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LNAPL Complexities and Misconceptions at Remediation Sites

April 19, 2022

Every property has a history and unique qualities shaped by natural and human activities. Some of those human activities have left contaminants and pollution on the site, which has environmental risk that needs to be assessed and managed through remediation. One type of contaminant is called light non-aqueous phase liquids, which gets into the ground to cause issues.

What is LNAPL?

Light non-aqueous phase liquid (LNAPL) generally refers to a separate and immiscible phase liquid when in contact with water. Immiscible means it is incapable of being mixed or blended together. Like oil and vinegar, if LNAPL and water are mixed together in a bottle, the liquids would separate into layers.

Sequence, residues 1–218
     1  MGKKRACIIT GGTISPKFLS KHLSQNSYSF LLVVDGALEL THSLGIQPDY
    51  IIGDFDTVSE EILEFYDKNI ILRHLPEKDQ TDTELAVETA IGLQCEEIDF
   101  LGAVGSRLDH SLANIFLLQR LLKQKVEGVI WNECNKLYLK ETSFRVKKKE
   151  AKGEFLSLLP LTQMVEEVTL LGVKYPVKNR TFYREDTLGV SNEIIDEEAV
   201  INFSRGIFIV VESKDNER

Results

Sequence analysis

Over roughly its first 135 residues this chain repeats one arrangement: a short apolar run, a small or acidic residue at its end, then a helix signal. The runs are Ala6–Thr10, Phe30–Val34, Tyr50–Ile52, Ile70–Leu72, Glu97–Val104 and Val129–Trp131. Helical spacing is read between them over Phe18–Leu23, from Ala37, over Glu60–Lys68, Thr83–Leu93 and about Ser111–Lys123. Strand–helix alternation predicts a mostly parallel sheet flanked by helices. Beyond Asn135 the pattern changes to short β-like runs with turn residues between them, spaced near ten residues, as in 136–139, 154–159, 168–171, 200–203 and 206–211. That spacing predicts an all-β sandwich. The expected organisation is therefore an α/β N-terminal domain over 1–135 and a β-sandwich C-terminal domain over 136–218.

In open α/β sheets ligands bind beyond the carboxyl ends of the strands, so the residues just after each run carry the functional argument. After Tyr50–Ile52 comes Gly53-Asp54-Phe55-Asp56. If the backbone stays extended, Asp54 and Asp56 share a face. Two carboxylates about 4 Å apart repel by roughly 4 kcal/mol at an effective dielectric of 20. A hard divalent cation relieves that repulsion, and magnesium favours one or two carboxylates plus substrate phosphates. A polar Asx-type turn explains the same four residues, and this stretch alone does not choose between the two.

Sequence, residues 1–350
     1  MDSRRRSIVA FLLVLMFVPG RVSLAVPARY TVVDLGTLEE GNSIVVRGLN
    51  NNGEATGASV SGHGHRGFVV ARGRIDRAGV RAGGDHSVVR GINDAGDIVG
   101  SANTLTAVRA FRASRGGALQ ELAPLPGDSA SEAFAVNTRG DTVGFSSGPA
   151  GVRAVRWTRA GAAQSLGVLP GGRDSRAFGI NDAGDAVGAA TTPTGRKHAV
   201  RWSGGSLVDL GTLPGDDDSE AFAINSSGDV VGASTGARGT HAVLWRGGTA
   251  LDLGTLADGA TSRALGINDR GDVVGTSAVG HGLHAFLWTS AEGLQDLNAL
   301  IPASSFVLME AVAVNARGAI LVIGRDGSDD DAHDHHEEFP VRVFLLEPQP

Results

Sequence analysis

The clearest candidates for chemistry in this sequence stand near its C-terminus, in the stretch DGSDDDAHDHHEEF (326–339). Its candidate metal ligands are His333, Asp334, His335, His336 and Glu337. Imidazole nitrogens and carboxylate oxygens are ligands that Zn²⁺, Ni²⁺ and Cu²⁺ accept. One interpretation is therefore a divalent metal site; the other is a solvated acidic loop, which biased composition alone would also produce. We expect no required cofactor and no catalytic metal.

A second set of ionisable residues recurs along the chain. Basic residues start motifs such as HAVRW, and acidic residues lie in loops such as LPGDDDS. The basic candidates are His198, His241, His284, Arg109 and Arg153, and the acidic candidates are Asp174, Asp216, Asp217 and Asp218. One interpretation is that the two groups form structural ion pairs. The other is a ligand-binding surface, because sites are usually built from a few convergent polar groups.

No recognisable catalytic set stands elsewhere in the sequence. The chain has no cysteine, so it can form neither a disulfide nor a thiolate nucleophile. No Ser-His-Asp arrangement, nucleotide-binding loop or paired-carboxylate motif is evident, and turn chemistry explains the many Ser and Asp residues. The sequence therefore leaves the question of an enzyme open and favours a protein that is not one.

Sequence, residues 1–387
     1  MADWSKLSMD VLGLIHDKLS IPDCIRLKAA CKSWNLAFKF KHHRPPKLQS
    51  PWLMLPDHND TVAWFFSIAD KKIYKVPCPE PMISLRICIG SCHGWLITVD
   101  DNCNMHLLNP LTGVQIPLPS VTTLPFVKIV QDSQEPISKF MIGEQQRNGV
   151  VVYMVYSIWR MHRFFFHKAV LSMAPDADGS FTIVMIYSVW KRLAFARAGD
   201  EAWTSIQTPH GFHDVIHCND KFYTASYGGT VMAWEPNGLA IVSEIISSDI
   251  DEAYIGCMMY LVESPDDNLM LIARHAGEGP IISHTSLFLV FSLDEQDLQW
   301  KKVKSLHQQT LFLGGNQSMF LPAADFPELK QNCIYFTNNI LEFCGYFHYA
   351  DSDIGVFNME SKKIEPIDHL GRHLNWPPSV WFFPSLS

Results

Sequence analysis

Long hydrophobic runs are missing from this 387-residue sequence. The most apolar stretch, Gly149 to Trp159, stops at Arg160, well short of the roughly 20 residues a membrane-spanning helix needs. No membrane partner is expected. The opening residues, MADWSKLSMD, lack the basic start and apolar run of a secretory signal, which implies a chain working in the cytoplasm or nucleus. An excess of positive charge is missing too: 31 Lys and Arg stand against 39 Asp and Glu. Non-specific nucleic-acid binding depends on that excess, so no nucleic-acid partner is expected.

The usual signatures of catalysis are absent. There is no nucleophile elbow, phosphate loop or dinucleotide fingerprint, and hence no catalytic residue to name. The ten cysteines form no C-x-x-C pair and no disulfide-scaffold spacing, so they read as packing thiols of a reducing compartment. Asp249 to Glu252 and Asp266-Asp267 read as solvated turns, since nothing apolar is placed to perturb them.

LNAPLs are usually petroleum hydrocarbon liquids that are less dense than water at ambient temperature and the chemical differences results in the formation of a physical interface between the liquids which prevents the fluids from mixing. In the subsurface environment, LNAPL can exist in a continuous (mobile) phase or a discontinuous mass (immobile). As LNAPL is less dense than water, the separate phase hydrocarbon can be observed to be floating on the groundwater if the LNAPL is mobile.

Diagram of how light non-aqueous phase liquid moves through porous media above the water table (vadose zone) and below the water table (saturated zone). Source: MASSDEP

Environmental Effects of Light Non-Aqueous Phase Liquids

If there is a discharge of petroleum at a site, at one time, LNAPL are likely present in the subsurface as a source area, whether it be a smaller or larger amount. LNAPLs negatively impact both the soil and groundwater, and when they are detected, they increase the complexity of investigation and remediation at many sites.